The Manila Times/ Manila
Defence Secretary Delfin Lorenzana yesterday rebuked Chinese ambassador to the Philippines Zhao Jianhua for accusing Filipino working in China as spies, saying the allegation was “most preposterous.”
The ambassador’s remark came after Lorenzana flagged concerns over the establishment of Chinese-operated Philippine offshore gaming operation (POGO) centres situated near military and police camps, especially near Camp Aguinaldo, the main headquarters of the Armed Forces of the Philippines located in Quezon City, among other places.
POGO centres can also be found near Camp Crame (Philippine National Police headquarters, also in Quezon City), Camp Bagong Diwa (National Capital Region Police Office headquarters in Taguig City), Fort Bonifacio (Philippine Army headquarters in Makati City), Villamor Air Base (Philippine Air Force headquarters in Pasay City) and Naval Station Jose Andrada (Philippine Navy headquarters in Manila).
The Defence chief said POGO centres could easily be made to engage in espionage conducted by Chinese manning such centres.
Malacanang spokesman Salvador Panelo over the weekend said Zhao had sent him a text message asking what if they were also suspecting overseas Filipino workers (OFWs) in China of spying for the Philippines.
Panelo added that Manila might have been “too security-conscious” about the presence of POGOs near key military and police headquarters in Metro Manila, the country’s premier region.
Zhao’s statement, however, did not sit well with Lorenzana.
“That’s the most preposterous statement I heard in a long while,” the Defence chief said in a statement.
For him, Lorenzana said, workers in POGO centres in the country were not in any way comparable to the OFWs working in China, noting that Chinese workers came to the Philippines “for a different purpose,” such as tourism, and eventually getting their work visas when POGO centres — which are prohibited in China — were built.
“Knowing that Chinese companies are mandated by the Chinese government to assist in intel (intelligence) collection for their government, it is not far-fetched that individuals likewise could be compelled to do so,” he explained.
According to the Defence secretary, the OFWs currently in China were legitimate, equipped with Chinese working visas, saying it was a situation comparable with Chinese workers in Manila for construction projects “mutually agreed upon by both countries.”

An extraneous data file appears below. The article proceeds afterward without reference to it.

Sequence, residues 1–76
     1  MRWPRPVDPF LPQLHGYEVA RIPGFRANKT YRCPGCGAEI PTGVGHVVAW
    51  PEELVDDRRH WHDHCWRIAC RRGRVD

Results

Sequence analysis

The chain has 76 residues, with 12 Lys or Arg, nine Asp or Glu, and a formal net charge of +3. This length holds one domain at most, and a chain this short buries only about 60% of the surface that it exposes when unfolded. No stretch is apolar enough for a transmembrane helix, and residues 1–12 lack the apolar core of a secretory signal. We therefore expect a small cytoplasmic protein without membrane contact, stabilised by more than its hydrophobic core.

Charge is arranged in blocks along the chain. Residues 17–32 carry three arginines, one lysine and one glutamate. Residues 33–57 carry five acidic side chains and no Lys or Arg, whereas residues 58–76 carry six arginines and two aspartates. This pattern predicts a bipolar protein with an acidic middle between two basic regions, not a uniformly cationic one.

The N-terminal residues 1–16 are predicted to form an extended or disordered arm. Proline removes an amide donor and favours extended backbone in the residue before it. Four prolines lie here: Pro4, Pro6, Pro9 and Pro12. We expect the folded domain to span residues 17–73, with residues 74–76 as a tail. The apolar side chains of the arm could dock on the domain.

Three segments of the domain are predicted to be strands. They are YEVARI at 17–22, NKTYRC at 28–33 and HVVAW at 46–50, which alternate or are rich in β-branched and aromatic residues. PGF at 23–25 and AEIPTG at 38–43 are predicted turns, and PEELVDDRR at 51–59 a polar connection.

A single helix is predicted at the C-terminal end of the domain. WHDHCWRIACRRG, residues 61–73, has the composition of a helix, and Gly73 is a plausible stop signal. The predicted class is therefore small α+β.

The Filipino workers in China are also “widely dispersed,” meaning they are working in homes and schools away from camps of Beijing’s military and even police.
Lorenzana clarified that he had nothing against POGO centres operating near military and police bases, citing it could have just been “coincidental.”
“The POGO centres… are very near military camps and naval bases. It could be just coincidental because these were the only facilities offered for POGO operations and I believe that the POGO workers are here only just for work only,” he said.
“What I am alarmed at is the potential that they could be tapped for information-gathering purposes,” Lorenzana added.
Panelo yesterday downplayed Zhao’s recent pronouncement that the OFWs working in China are spies.
“That was just Ambassador Zhao’s opinion. Perhaps in response to the statement of the Secretary of National Defence. That’s why he was expressing an opinion and Secretary Lorenzana was also expressing an opinion,” he said in a radio interview.
But when asked whether Palace would be in favour of POGO centres being contained in hubs, Panelo replied that it was alright as long as the rights of Chinese workers were not violated.
“As long as it will not infringe on or violate the rights of Chinese workers, if it will help in their protection, we will not object to that,” he said.
Senator Panfilo Lacson, however, slammed Panelo’s downplaying and questioned whether he was really speaking for President Rodrigo Duterte or for China.
Reacting to Panelo’s statement wherein he shared with the media Zhao’s text to him, Lacson on Twitter said, “Ambassador Zhao sent me a text. He said, ‘What if we also think that your overseas workers are also spying on us. What can you say about that?’ Presidential spokesperson or Chinese Embassy spokesman?”
“What I was pointing out in my tweet is not the issue of whether or not there is logic in the Chinese ambassador’s statement,” according to the senator
Lacson, the chairman of the Senate Committee on National Defence and Security, also questioned why Panelo, whose salary and other miscellaneous expenses are being paid out of people’s taxes, is taking the embassy spokesman’s job.
“Has the presidential spokesman switched from Chinese embassy defence counsel to spokesman?” he said.
Lacson added, “The thing is, the Chinese embassy has its own spokesman who should speak on their behalf because that’s his job.”
Reacting to the senator’s statements, Panelo also yesterday said,“There is nothing wrong with sharing the text message of Chinese Ambassador Zhao Jianhua as the same was made to provide a context and response to a query from a media reporter on the sentiments and alarm of Secretary of National Defence Delfin Lorenzana on the subject.”
In a statement, he added, “I am the (spokesman for) the President and of the entire Filipino people, including the (OFWs). As the spokesman, it is my duty to be transparent to the media and ultimately the public in sharing information, which is germane to a national issue or concern, in consideration of the latter’s constitutional right to information.”
“If Senator Lacson is not concerned with the OFWs, the Office of the President is,” Panelo said.
Despite Zhao’s pronouncement, Panelo assured that President Duterte would raise the issue of the arbitral ruling on his visit to China by the end of August.
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